Figure 11.

Effect of strain rate and temperature on yield stress [39].

3.2.3. Polymethylene diisocyanate (PMDI)

Song et al. [41] reported the dynamic mechanical response of three polymer foam materials made by rigid polymethylene diisocyanate (PMDI), varied in density (310 kg/m3, 410 kg/m3 and 550 kg/m3), at strain rates as high as 3000/s and at temperatures ranging from 219 K to 347 K. The effects of material density, strain rate and temperature on the compressive response of the polymer foam materials were determined. Compressive stress‐strain curves of the three foam materials (with the densities of 310 kg/m3, 410 kg/m3 and 550 kg/m3) at various strain rates are shown in Figure 12ac, respectively.

Figure 12.

Compressive stress‐strain curves at various strain rates for our three foam‐material densities: (a) 310 kg/m3, (b) 410 kg/m3 and (c) 550 kg/m3 [41].

They are obtained at room temperature (295 K) and have a common characteristic: an initial linearly elastic deformation followed by a collapse process of cell structures. When all the cell structures were collapsed, the condensation initiates, as revealed by the increasing stress amplitude in the stress‐strain response [42]. For each polymer foam material, this characteristic is varied slightly with strain rates, and the cell‐structure collapse process has an apparent variation. Under quasi‐static loading, the stress‐strain curves exhibit a long stress plateau and/or slow strain‐hardening behaviour after yielding. This stress plateau indicates the plastic buckling of cell structures. However, under dynamic loading, stress drops from the peak date after yielding, causing the formation of N‐shaped stress‐strain curves. The stress drop is caused by the sudden collapse of cell structures under high strain‐rate loading. So, the deformation and damage mechanisms are influenced by the strain rates in the polymer foam material.

Yield stress is also found to be dependent on strain rate. Figure 13 shows the details of the increase in yield stress with strain rate for these three polymer foam materials. The yield strength of the three foam materials linearly increases with the logarithm of strain rate, as shown by equation: σ y = A + B l o g ( ε / ε 0 ) , wherein A and B are constant data, and ε 0 is the reference strain rate. The constant B is the slope of the solid line, which represents the strain‐rate sensitivity of yield stress. The two parallel lines at the bottom of Figure 13 imply that the strain-rate sensitivities of the 310 kg/m3 and 410 kg/m3 polymer foam materials are nearly equal. Both are lower than that of the 550 kg/m3 polymer foam material.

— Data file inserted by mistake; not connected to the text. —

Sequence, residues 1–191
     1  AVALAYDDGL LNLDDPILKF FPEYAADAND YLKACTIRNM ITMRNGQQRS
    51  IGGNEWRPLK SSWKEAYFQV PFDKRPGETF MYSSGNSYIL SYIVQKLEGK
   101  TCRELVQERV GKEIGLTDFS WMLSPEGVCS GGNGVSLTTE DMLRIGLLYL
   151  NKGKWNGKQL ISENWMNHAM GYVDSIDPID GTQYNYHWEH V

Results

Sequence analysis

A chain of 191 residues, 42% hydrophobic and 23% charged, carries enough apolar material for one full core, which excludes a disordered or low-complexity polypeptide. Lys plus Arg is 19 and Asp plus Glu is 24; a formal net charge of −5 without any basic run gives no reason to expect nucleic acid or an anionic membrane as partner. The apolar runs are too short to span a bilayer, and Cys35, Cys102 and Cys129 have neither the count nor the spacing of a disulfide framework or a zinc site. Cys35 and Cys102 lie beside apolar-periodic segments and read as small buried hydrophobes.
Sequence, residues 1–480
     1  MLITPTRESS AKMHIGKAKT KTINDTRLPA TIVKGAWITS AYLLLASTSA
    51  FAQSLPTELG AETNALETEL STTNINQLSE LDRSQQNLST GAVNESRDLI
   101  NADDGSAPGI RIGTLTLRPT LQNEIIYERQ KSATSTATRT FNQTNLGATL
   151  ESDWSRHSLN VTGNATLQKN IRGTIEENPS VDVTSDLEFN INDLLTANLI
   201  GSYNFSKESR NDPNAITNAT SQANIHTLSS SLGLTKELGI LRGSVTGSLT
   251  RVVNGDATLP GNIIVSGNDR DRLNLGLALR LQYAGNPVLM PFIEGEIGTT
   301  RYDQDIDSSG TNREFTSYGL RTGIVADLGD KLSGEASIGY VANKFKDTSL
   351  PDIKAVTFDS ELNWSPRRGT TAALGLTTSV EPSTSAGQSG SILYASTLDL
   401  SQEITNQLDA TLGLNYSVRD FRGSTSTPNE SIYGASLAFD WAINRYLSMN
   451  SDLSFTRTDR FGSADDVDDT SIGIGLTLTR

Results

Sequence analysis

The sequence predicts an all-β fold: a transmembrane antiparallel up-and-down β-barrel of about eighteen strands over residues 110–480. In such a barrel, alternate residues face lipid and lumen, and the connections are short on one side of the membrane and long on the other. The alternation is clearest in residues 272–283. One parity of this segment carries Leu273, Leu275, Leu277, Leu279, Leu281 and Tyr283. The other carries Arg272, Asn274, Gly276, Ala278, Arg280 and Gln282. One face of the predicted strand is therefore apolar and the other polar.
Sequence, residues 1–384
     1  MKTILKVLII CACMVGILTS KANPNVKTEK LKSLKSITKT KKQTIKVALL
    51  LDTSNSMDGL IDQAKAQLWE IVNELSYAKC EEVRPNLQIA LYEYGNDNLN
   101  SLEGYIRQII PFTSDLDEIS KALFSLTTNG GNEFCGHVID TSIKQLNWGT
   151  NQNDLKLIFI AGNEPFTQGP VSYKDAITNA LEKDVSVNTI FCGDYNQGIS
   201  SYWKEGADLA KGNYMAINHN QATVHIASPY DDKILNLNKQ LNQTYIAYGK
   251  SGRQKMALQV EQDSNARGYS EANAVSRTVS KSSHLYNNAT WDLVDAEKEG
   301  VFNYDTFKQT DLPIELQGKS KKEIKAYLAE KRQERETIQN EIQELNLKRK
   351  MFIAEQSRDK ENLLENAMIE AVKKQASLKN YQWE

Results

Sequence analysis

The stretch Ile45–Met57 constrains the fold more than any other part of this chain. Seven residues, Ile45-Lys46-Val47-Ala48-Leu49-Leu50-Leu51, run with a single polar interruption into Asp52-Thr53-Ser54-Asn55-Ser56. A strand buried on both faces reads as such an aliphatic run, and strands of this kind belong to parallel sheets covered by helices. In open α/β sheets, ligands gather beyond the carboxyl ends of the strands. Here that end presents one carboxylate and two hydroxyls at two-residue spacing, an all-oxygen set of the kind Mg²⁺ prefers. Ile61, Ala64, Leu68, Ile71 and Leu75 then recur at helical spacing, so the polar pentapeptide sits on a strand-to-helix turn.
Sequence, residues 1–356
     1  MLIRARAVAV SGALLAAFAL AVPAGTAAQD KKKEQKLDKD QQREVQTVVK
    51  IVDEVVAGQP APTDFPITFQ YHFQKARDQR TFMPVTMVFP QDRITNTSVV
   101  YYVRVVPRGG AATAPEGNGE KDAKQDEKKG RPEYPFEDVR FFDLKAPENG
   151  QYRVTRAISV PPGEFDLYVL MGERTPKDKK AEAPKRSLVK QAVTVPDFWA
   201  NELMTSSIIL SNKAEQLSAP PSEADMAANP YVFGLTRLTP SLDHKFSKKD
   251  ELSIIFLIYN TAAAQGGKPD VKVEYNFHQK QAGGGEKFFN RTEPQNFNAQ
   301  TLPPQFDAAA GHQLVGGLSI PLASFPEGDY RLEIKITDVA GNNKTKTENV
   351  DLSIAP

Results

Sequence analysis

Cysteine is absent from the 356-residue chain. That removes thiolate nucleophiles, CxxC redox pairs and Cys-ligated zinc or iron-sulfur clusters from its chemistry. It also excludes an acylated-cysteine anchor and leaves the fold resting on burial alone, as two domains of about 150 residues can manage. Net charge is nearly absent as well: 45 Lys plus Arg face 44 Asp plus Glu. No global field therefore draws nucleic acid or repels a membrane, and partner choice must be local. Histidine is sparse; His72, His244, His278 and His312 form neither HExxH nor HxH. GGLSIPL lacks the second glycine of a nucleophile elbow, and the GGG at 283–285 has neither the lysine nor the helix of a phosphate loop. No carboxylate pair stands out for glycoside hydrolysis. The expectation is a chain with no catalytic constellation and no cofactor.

Figure 13.

Strain‐rate sensitivities of the three polymer foam materials with different densities [41].


4. Conclusion

In this chapter, the characterization method of mechanical response of polymer materials under high strain‐rate loading is firstly introduced. Then, two kinds of polymer materials, rubber‐like and glass‐like, are reviewed to illustrate their dynamic mechanical response. Herein, three polymers are presented as the representatives of each kind of polymer materials. The rate‐dependent mechanical data are given and the influence of temperature is also clarified. These knowledge outputs not only guide the research of developing new impact‐resistant polymer materials, but also support the protection engineering of applying polymer materials in dynamic events.



The author, JTF, like to acknowledge the reuse permission of materials from publishers, and the financial supports of BIT‐start‐up funding, Project of State Key Laboratory of Explosion Science and Technology of QNKT17‐03 and National Natural Science Foundation of China with Grant No. 11602024.


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Written By

Jitang Fan, Xiaoyun Fan and Ang Chen

Reviewed: 04 May 2017 Published: 27 September 2017